The better solution at Yale would have been to add more art history courses for those students who are interested in learning about other cultures and traditions. Discuss the issues inherent with a European Art centric view and include other views. Don't simply eliminate something that is popular, established, and has been taught for generations and generally considered important and the foundation of art culture and thinking for centuries because others don't like it or it no longer seems appropriate when viewed through a contemporary lens. Widen the lens instead.

These kinds of things should be discussed openly and encouraged for greater, more comprehensive understanding. There should be more taught about Beethoven and all great figures with many new perspectives introduced as research uncovers. And teach about smaller works, less influential and often forgotten. I say more, not less. Broaden the listening window and ask what more is out there? Don't just play the same stuff that always sounds best.
 
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I know that the article we are referring to singles out Beethoven, but I think in this context he serves as the representation for all classical music and musicians and what it stands for. One of the reasons behind the gradual decline of classical music is the growing accessibility and diversity of music. The internet makes it so much easier for the otherwise less-known artists to raise funds or gain popularity, so the competition to classical music is growing. In the past, it was almost the only music genre available. On the other hand, it is no longer exclusive. I can only hope that Beethoven, Bach, Chopin or Mozart will remain the all-time reference point.
 
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montesquieu

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I don't know what the situation is in the US, but in the UK classical music is slipping rapidly from being part of the mainstream education system, to the point where only those in private education (less than 10% of the total) are even exposed to it.

It is even vanishing from the exam system. My daughter plays the harp. Some years ago when she was chosing her GCSEs, the certificate taken in England, Wales and Northern Ireland at 16, as opposed to A Levels which are at 18-19 for university entrance (Scotland has its own system). I had assumed music would be one of the 10 or so subjects she chose to take at GCSE level. But it wasn't on her list.

Rather annoyed at this (my bachelors' degree is in music and the house was filled with music when she was growing up) I had words with her about it. She then showed me the syllabus, which was so dumbed down (in comparison to the exams I sat back in the 1970s) as to be utterly pointless. 'Relevance' dominated, mediocre pop music was the main focus of study, the classical canon of Bach, Mozart, Haydn, Beethoven, Schubert minimised to the point of invisibility. No ear tests, no counterpoint and harmony, no real attempt at understanding music's historical evolution, instrumental and vocal pieces of the most utterly banal quality. On looking at I readily agreed with her to drop Music as a formal subject.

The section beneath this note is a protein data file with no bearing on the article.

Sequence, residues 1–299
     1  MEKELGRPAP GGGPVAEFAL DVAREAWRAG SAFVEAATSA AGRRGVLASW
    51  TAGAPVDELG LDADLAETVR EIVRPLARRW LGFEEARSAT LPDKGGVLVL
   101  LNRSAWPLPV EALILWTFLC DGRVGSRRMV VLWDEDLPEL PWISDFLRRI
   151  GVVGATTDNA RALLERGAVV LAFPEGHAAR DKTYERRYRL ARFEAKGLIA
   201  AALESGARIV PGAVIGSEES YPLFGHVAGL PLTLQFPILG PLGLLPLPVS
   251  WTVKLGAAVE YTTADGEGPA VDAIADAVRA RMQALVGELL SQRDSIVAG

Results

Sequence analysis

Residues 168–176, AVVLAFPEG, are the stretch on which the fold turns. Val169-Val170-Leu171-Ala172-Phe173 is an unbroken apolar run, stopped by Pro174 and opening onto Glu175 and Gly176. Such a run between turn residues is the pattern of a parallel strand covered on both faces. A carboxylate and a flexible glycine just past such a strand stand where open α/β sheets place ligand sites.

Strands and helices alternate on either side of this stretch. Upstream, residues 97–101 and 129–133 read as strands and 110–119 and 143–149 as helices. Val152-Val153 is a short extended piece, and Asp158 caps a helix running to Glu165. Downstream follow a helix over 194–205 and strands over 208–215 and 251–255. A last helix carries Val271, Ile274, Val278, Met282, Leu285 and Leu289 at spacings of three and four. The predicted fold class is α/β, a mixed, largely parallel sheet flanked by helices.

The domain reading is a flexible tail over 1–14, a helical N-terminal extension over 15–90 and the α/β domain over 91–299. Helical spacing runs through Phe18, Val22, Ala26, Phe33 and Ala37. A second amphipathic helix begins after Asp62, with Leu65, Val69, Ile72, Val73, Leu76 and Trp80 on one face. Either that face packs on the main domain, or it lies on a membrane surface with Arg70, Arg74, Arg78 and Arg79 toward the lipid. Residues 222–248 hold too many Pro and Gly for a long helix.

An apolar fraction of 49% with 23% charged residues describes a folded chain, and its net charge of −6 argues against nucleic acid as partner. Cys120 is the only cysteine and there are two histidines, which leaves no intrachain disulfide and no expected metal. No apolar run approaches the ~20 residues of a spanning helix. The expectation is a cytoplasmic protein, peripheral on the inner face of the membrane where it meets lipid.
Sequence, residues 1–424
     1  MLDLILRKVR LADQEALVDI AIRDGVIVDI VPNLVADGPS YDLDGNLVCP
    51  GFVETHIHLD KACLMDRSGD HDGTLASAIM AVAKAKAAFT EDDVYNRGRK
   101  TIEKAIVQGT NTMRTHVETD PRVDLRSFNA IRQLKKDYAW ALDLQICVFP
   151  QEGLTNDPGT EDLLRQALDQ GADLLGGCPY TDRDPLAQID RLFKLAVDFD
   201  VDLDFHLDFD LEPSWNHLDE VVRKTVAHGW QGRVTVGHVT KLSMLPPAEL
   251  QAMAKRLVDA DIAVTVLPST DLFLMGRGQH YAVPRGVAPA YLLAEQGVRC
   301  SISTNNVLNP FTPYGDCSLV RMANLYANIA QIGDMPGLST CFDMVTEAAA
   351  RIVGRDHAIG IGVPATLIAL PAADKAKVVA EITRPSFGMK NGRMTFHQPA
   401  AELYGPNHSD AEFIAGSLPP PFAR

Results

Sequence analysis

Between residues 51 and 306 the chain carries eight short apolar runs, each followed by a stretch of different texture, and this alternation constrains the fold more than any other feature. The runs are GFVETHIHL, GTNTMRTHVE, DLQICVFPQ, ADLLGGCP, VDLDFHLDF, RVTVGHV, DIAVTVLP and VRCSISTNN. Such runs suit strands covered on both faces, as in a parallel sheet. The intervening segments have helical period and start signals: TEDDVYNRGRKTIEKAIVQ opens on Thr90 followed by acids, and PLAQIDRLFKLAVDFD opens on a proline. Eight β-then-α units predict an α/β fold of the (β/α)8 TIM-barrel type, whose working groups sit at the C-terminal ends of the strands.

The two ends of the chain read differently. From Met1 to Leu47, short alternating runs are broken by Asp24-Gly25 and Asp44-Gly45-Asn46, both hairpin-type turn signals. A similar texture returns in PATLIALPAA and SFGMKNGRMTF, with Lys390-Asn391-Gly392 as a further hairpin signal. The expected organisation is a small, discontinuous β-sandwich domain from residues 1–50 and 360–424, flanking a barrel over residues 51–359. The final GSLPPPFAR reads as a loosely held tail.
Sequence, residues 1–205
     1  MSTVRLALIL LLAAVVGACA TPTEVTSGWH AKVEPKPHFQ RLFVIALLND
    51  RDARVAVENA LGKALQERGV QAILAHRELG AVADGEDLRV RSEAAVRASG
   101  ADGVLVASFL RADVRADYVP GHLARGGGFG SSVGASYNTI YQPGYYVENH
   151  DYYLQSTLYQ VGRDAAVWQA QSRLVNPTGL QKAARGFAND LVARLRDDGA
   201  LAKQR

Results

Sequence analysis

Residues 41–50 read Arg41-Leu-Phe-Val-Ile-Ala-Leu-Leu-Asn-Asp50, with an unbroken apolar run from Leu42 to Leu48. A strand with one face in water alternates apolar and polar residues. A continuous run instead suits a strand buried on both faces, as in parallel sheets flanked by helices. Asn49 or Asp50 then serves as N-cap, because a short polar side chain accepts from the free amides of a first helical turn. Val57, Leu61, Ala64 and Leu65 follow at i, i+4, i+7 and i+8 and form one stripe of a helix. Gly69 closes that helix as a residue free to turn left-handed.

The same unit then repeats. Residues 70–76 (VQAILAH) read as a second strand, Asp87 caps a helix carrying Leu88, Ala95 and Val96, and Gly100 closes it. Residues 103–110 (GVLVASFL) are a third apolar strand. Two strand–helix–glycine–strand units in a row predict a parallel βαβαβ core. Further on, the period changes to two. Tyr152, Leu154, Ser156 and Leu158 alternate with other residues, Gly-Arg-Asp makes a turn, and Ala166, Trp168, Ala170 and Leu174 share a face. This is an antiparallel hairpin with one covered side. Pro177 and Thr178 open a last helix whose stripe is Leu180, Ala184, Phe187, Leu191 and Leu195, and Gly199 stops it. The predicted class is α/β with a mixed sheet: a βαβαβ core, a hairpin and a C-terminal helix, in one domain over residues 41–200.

I fear we are reaching a point of no return, where classical audiences will be self-reinforcing in their exclusivity, in turn further alienating this music from the masses. The sad thing is that any serious music - be it classical, jazz, jazz rock, electronic - relies on the same discipline and knowledge acquired through studying classical music not just in the development of performers, but in the development of critical listeners and enthusiastic audiences. Dumbing down for 'relevance' is short-sighted in the extreme.
 

PeterA

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I remember reading how the members of Deep Purple, particularly Jon Lord, organist, was a student of Bach's music. The group did some interesting collaborations with classical orchestras. Picasso knew how to draw formal figures. These artists learned a foundation and then moved beyond it to create their own expressions.

Al M., Madfloyd, and I have attended student performances and seen how many good musicians are out there. Frankly, we are surprised by and have discussed the sheer amount of talent out there. Perhaps we are exposed to it because Boston has a concentration of superb young musicians, classical and otherwise.
 
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bonzo75

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I remember reading how the members of Deep Purple, particularly Jon Lord, organist, was a student of Bach's music. The group did some interesting collaborations with classical orchestras. Picasso knew how to draw formal figures. These artists learned a foundation and then moved beyond it to create their own expressions.

Al M., Madfloyd, and I have attended student performances and seen how many good musicians are out there. Frankly, we are surprised by and have discussed the sheer amount of talent out there. Perhaps we are exposed to it because Boston has a concentration of superb young musicians, classical and otherwise.

Blackmore used bach progressions often. Here is his quote on highway star: "“And that is one of the only times I have ever done that. I wanted it to sound like someone driving in a fast car, for it to be one of those songs you would listen to while speeding. And I wanted a very definite Bach sound, which is why I wrote it out—and why I played those very rigid arpeggios across that very familiar Bach progression—Dm, Gm, Cmaj, Amaj. I believe that I was the first person to do that so obviously on the guitar, and I believe that that’s why it stood out and why people have enjoyed it so much."

This is blackmore playing Beethoven's ode to joy. The whole piece is excellent


And this is where Jimmy page slips in Bach's bouree into his solo